Hi, Jim Coshow here from Dunn Lumber. Welcome to the Dunn Solutions podcast, where we’re committed to providing cutting-edge industry knowledge for the building contractor and trade professional.
Today we’ll hear from Judith Miller of J. Miller and Company. Judith is a finance guru—she formed J. Miller and Company 30 years ago, providing bookkeeping and financial services to the remodeling industry. Judith's services allow remodeling companies to market, sell, estimate, budget, produce, control overhead, and more—all in the name of building a successful, sustainable company that will stand the test of time.
In addition to providing these services to the industry through her company, she’s taught job costing and computerized estimating, written a manual that’s helped establish job-cost accounting systems to remodelers around the country, and has contributed to Remodelers Advantage magazine and Remodeling Magazine. Through decades of experience, Judith has learned—and honed—key strategies that have helped her own company and career.
Click the play button above to listen to Judith on the Dunn Solutions podcast.
Here are my top-five takeaways from Judith's strategy and findings for remodeling business sustainability:
1. There’s a difference between success and corporate sustainability
Success is the achievement of a short-term objective. When it comes to business sustainability, you need to think long-term—you should be able to maintain a healthy business without exhausting current resources or compromising the ability of future generations to meet their own needs. In short, corporate sustainability represents resiliency.
2. There are five stages of growth, no matter what you make—or how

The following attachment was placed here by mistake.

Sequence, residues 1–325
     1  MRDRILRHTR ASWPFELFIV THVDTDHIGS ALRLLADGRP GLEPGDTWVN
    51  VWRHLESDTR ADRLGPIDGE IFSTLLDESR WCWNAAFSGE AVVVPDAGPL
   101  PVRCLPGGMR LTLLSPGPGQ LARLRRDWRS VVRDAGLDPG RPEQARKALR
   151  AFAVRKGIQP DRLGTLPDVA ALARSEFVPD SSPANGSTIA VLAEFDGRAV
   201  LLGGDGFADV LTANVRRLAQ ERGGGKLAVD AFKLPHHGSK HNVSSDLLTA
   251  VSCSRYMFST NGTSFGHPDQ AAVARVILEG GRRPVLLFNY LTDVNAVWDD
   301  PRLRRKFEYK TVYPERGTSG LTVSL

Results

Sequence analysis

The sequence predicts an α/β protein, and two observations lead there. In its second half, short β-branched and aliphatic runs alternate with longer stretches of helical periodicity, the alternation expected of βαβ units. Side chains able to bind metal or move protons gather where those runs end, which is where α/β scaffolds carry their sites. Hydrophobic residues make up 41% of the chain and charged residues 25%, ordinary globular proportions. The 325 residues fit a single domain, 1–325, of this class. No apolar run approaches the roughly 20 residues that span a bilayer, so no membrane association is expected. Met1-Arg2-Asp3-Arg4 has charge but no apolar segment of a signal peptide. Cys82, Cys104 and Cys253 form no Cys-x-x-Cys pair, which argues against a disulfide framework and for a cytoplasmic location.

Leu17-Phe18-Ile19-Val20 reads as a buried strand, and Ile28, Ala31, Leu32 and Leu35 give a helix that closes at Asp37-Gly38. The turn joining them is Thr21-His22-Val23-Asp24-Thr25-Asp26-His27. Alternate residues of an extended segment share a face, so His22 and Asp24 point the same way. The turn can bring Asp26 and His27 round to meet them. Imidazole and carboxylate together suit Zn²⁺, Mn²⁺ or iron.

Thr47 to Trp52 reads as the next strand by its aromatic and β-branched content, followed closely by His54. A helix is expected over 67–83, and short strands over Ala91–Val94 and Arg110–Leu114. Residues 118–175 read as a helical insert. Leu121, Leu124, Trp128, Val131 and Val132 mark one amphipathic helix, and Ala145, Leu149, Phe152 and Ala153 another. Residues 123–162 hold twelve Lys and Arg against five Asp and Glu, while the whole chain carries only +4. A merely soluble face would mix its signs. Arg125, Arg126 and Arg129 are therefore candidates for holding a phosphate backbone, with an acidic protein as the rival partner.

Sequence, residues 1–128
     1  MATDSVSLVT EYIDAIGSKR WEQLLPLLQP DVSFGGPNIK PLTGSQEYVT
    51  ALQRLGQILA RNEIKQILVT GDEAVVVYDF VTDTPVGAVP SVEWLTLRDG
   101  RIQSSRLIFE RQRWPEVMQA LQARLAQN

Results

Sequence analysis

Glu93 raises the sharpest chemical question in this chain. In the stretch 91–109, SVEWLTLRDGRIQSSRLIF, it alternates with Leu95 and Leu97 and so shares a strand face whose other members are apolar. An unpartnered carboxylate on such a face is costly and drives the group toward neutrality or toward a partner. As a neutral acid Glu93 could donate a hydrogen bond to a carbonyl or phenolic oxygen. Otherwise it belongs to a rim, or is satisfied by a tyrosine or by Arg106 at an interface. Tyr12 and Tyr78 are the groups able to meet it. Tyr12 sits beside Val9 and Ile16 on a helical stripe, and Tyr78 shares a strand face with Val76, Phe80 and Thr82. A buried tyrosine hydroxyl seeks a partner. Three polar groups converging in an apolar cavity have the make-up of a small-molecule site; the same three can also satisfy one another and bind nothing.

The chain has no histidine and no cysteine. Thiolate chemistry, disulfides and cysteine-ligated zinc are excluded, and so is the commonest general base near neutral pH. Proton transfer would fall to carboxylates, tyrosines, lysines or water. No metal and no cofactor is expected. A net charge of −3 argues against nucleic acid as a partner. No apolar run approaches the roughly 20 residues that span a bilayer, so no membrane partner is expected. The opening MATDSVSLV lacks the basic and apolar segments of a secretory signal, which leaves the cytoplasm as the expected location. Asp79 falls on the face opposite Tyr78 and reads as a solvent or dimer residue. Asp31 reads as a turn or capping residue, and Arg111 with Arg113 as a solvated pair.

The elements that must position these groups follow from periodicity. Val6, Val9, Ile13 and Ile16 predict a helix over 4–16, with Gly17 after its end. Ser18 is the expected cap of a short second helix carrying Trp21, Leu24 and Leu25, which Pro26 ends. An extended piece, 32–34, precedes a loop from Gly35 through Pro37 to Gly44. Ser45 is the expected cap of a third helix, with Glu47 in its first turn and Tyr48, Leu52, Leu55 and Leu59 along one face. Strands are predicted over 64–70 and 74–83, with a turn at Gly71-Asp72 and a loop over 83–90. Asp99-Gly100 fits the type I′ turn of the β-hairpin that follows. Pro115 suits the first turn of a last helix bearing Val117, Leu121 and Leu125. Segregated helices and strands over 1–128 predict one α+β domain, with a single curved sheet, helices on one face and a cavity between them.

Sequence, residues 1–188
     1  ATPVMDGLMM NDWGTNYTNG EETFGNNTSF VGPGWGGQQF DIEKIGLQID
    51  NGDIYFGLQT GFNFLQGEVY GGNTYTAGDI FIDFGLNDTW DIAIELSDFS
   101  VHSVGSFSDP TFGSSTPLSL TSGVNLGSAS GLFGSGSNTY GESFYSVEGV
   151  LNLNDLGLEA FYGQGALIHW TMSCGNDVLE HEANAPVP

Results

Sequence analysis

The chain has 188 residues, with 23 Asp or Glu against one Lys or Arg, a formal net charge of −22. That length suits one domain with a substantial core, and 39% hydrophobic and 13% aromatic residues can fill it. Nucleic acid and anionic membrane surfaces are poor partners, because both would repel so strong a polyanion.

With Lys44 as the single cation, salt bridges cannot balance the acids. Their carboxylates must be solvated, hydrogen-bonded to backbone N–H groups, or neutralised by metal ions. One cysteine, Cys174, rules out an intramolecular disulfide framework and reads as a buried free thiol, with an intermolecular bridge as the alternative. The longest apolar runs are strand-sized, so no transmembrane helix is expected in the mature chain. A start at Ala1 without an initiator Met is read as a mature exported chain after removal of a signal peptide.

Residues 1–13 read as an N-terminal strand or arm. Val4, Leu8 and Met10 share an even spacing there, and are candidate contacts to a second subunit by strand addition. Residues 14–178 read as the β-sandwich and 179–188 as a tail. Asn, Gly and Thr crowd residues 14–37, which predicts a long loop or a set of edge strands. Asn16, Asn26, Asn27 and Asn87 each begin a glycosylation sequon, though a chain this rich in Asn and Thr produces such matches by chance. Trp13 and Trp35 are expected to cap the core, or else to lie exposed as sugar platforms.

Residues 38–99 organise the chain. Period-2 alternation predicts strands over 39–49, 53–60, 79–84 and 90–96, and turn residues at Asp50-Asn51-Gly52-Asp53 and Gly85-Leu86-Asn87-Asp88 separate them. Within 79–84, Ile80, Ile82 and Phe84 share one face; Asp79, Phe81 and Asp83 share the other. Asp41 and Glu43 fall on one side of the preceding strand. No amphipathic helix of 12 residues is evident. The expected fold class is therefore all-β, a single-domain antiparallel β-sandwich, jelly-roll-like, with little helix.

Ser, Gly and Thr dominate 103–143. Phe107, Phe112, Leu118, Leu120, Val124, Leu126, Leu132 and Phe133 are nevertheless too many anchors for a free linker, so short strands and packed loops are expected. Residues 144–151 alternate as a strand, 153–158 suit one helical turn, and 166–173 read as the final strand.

In the beginning, the owner does it all. Then the owner slowly starts to delegate. Eventually, the owner delegates everything but sales. Then they delegate everything. Finally, the owner is no longer doing everything—they’re focused solely on strategy. To build a system that works for you, build it to match your stage.
3. If you have a problem, look upstream
Articulate the problem, then look upstream—this is the source. Oftentimes, slippage is a result of bad sales processes, poor estimating, labor inefficiencies, or a lack of change-order control. Successful companies (companies who are making short-term wins) can become sustainable.
4. There are three primary gears to a healthy company: customer satisfaction, net profit, and sustainability
Each must be measurable, process-driven, and have a clear line of sight upstream.
- When it comes to customer satisfaction, consistency is a big one. Happy customers mean good referrals and good gross profit.
- Net profit reflects the company’s ability to respond to adversity, share with the community, increase employee happiness, and contribute to retirement savings. Net profit also leads to increased equity.
- A sustainable company produces a sense of order, predictability, and protection; increased employee engagement; a healthier community; and in turn, greater efficiencies throughout.
5. The silver bullet to a sustainable business model is you
You are the simple and seemingly magical solution to the complicated problem of developing a sustainable remodeling company. If you take good care of your employees (who will in turn take good care of your clients), guard your net profit, and become an effective leader, a sustainable business model awaits.
The Master Builders Association Remodelers Council is a community of building and remodeling contractors who are interested in learning the latest tools of the trade, and value networking with fellow remodelers, vendors, and associate members. For more information on joining the Remodelers Council and attending future educational events, feel free to email me at firstname.lastname@example.org.
To see Judith's whole presentation, click below.